2017 Focus Jarifa 27 Donna Review


Technical Specs & Ratings



Jarifa 27 Donna


Class 1


Front Suspension



Hydraulic Disc



396 Wh

396 Wh

48.6 lbs / 22.06 kgs


FSA 1-1/8", Threadless, Internal Cups

Concept, 7° Rise, 55 mm Length, Two 10 mm Spacers, Two 5 mm Spacers

Concept Low-Rise, 690 mm Length

Concept, Rubber, Ergonomic, Locking

Concept, Aluminum Alloy


Concept Branded MTB Lady by Velo

Concept Plastic Platform

Hydraulic Disc

Shimano BR-M315 Hydraulic Disc with 180 mm Rotors, Shimano Levers with Adjustable Reach


Video Reviews

Written Reviews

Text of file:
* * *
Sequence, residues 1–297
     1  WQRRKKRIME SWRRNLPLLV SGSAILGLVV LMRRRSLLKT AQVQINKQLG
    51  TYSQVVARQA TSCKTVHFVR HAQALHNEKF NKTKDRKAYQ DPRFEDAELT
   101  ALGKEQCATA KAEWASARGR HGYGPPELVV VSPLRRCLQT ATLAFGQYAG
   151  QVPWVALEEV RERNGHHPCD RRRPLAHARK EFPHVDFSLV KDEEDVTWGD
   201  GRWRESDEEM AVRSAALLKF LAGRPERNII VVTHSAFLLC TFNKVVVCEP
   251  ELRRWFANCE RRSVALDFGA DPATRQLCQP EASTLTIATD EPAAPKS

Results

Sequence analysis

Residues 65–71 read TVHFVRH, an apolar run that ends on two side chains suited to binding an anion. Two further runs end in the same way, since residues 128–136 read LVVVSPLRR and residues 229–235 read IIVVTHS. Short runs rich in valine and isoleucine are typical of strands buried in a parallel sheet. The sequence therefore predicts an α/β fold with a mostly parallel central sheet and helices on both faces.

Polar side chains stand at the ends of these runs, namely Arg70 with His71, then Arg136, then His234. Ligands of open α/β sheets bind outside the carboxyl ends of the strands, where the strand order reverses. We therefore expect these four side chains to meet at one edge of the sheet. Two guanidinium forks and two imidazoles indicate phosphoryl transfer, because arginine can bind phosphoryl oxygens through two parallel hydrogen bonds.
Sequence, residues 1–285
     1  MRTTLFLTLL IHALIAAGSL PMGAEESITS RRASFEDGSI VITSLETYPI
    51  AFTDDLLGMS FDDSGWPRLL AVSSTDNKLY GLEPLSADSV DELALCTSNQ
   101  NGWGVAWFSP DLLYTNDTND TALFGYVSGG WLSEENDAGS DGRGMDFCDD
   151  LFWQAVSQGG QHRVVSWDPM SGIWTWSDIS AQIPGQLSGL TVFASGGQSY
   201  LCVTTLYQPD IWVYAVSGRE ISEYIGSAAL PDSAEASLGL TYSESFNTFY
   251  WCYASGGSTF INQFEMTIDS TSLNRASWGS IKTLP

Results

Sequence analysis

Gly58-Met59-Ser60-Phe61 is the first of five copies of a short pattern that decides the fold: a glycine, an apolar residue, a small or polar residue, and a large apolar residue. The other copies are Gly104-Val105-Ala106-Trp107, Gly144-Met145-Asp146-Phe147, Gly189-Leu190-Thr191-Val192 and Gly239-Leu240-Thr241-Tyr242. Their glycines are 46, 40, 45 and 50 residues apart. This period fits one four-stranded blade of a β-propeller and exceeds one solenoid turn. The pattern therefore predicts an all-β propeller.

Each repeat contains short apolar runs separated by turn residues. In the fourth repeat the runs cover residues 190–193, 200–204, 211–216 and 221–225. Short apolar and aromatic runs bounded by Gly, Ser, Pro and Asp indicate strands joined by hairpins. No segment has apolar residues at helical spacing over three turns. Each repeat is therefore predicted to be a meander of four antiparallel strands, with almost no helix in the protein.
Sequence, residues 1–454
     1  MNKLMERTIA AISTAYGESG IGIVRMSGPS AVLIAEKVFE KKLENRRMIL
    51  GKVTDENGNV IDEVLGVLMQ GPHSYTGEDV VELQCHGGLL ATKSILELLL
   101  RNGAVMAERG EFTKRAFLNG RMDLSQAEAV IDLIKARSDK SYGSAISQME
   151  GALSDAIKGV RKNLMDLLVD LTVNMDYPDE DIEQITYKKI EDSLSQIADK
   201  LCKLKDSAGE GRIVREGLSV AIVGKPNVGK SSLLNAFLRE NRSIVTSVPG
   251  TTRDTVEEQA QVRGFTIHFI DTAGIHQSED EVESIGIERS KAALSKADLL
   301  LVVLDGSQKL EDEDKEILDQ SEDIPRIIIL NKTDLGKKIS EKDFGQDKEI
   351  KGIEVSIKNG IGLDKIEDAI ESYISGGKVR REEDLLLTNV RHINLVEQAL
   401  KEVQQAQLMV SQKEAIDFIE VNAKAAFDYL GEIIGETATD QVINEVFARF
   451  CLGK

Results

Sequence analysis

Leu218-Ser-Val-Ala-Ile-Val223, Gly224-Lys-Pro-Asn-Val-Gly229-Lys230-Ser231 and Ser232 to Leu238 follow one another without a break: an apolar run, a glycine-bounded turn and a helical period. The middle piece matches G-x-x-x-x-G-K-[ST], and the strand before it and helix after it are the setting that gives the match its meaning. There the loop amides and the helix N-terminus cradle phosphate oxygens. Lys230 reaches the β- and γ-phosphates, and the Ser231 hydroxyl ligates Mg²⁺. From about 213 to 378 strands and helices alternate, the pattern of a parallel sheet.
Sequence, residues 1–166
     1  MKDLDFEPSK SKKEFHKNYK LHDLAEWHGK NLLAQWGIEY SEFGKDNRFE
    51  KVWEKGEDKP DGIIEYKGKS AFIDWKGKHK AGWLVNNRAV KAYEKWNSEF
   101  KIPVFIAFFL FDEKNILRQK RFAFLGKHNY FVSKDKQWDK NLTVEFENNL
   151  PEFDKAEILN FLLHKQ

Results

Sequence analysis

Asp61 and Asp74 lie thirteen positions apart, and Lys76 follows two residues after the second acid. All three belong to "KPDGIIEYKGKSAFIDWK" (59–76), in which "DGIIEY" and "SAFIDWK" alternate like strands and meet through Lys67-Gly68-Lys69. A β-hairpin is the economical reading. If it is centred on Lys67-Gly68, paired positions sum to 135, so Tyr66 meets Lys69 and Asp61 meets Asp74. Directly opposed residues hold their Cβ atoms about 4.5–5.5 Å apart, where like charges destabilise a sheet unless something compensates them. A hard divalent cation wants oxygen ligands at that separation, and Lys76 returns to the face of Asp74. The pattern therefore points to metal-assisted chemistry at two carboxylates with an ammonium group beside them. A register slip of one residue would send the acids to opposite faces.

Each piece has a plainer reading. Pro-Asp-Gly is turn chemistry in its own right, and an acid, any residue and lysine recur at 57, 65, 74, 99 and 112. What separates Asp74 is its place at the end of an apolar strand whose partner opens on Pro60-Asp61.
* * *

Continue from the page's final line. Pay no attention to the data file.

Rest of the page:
Focus is a Germany based bicycle company that designs and produces higher quality e-bikes. They are part of the Pon Group which also owns Kalkhoff, Gazelle, and Faraday but Focus offers more of the sporty and mountain concepts which is what the Jarifa 27 Donna is… Actually, this bike spans a couple of categories in my mind because the frame geometry, 100 mm suspension fork and knobby wheels are cross-country capable but you get a remote lockout on the fork for easy transitions to concrete, a rear-mount kickstand, and mounting points for fenders, a rear rack, and bottle cage. In my opinion, it would be well suited to women because it comes in a range of four sizes that start at extra small. The top tube is angled and the seat tube is fairly low, allowing for people with shorter inseams to mount and stand over more comfortably. Even the 27.5″ wheelset seems to have been chosen to lower the overall height of the bike vs. a more traditional 29″ wheelset on many other cross country bikes. A few additional highlights that might suit female riders, who tend to be more petite, are the adjustable-reach brake levers which are connected to hydraulic disc brakes that tend to provide great stopping power without as much hand effort and fatigue. The slim ergonomic grips reduce hand numbness and are another nod to the urban+trail capabilities of the Jarifa Donna. And finally, the color scheme appears to be more femanine with purple and light blue accents. Focus went all the way with this design choice and has matched the frame, fork, wheelset, and saddle accents to the white theme. I’m not sure if it’s my personal favorite, but I cannot deny that white stands out from the side, especially at night, and is more reflective than black or some other dark color. The only downside here is that Bosch only produces a dark grey plastic housing for their motor and battery pack… and most shifter, brake, and electrical cables are wrapped in black plastic. Focus has used stickers to help the battery blend in, but we are seeing more internally mounted batteries and compact integrated motors now that make this setup look dated and clunky. In terms of performance, it’s fantastic, and I feel that the reputation of focus, premium Bosch drive systems, excellent 2+ year warranty, and reasonable $2.8k price point makes this a fantastic electric bike.